Lawyer uses plastic covers on legal documents to make face shields for hospitals
Photo courtesy of Cy Lo.
A San Francisco lawyer has come up with a way to help provide much-needed face shields for hospital workers during the COVID-19 pandemic.
Lawyer Steven E. McDonald and other volunteers have been making the shields from plastic covers used for transcripts of legal depositions.
“I came up with the ‘deposition cover as shield’ sort of as a joke, when I was cleaning out old files in early February prior to an office move,” McDonald told the ABA Journal in an email.
The deposition covers are converted into face masks by a group called Saving Face, which is led by San Francisco general contractor Cy Lo, a friend of McDonald’s.
Lo was trying to find supplies from other sources but ran into shortages, and that’s when McDonald came up with his idea.
McDonald was looking at plastic covers at office supply stores when it occurred to him to check for unused covers with his law office, his colleagues and court reporters.
“The response was immediate and truly remarkable,” McDonald told the ABA Journal. “One provider, U.S. Legal, sent out the word to all of their offices and we received thousands of covers from them. We have likewise received kind donations of covers from four or five other local reporters and their friends up and down the state.”
McDonald said his wife also reached out for donations. She received elastic bands from family and friends. An upholstery company donated several sheets of foam and elastic bands. The San Francisco Opera also contributed.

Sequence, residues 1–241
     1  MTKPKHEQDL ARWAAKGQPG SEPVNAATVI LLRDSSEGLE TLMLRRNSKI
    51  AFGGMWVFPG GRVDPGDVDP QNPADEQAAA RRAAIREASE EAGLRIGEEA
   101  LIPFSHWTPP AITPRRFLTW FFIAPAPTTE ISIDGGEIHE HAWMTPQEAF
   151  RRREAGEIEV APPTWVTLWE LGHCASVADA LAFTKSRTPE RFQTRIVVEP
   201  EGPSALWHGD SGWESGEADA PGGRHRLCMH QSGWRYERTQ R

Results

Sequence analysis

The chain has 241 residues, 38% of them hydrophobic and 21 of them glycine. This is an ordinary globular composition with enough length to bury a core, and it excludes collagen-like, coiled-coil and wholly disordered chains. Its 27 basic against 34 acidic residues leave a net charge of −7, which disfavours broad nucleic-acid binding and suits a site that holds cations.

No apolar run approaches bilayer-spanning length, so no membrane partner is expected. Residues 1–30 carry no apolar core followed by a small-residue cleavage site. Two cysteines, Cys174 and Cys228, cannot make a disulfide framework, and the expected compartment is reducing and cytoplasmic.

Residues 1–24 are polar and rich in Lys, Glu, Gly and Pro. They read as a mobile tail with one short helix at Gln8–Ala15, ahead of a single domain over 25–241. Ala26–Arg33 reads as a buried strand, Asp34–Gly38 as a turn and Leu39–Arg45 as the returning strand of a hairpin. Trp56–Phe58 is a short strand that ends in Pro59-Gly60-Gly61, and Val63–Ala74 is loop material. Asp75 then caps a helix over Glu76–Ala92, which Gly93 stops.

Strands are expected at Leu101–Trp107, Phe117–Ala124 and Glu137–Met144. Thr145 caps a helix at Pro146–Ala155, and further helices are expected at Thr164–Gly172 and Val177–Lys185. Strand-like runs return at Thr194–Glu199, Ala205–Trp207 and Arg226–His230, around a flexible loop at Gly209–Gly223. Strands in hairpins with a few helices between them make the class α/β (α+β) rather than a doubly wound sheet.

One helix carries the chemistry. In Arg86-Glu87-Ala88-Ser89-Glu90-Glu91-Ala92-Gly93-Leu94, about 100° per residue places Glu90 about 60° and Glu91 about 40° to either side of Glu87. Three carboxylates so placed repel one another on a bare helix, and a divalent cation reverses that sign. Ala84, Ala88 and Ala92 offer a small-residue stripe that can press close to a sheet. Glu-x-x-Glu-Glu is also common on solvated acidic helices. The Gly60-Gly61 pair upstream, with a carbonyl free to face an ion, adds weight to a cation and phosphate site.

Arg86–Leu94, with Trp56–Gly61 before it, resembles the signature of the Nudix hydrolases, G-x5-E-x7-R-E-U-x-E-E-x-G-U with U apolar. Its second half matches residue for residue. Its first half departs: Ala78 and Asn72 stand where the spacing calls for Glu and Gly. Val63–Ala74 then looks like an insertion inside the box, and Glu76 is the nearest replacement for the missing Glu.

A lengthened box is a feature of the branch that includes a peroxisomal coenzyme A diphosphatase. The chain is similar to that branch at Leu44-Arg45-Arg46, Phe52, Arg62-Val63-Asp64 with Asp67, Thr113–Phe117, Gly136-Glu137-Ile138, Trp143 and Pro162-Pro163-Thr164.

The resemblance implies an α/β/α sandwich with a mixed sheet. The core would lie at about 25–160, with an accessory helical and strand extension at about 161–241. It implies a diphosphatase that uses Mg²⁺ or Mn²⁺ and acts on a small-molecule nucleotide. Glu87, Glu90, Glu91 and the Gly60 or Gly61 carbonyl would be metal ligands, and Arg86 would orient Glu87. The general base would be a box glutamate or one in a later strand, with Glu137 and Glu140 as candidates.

By the end of the week, Saving Face will have made about 2,100 face shields from legal document covers and about 300 from other sources, Lo said.
The plans for the shields come from an open-source site by a group of face shield makers at the University of Wisconsin at Madison.
“This isn’t rocket science to assemble these,” Lo said in an email interview. “Even lawyers can do it.”
The shields are being donated to local hospitals and health care facilities. A GoFundMe page raised money for additional supplies.
Lo has purchased materials from TAP Plastics to use when the supply of deposition covers runs out, which could occur this week or next. He is buying acetate rolls and vinyl used for boat awning windows.
McDonald warns that some hospitals won’t accept homemade equipment, so anyone pursuing a similar idea should check first. Other groups that may accept homemade face covers include nursing homes, assisted living facilities, police and fire personnel, and hospice workers.
Volunteers with Saving Face include about a dozen members of the South End Rowing Club, as well as close friends of Lo. Groups making masks for Saving Face are in the San Francisco area, the East Bay area and the Marin area.
“This is a dream team of volunteers” who also give their time to other causes, Lo told the ABA Journal.
McDonald said he is keeping busy with legal work during the day and making face shields in the evenings and on weekends. He is grateful for all the hard work by Lo and the other volunteers.
“Of course, our small contribution pales by comparison to the effort and sacrifice of the health care workers, emergency personnel and everyone else confronting the pandemic head-on while we are all squirreled away in our homes,” McDonald said.
Hat tip to KTVU, which also spoke to McDonald about the project.